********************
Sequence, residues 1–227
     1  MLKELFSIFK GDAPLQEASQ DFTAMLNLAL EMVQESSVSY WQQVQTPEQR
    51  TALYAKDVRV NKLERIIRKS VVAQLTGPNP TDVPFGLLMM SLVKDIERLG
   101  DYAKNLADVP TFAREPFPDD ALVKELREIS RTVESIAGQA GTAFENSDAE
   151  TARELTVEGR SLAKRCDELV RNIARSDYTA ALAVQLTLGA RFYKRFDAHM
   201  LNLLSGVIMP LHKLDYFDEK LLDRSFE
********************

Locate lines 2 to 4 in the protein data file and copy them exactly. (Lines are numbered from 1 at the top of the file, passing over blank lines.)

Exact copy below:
     1  MLKELFSIFK GDAPLQEASQ DFTAMLNLAL EMVQESSVSY WQQVQTPEQR
    51  TALYAKDVRV NKLERIIRKS VVAQLTGPNP TDVPFGLLMM SLVKDIERLG
   101  DYAKNLADVP TFAREPFPDD ALVKELREIS RTVESIAGQA GTAFENSDAE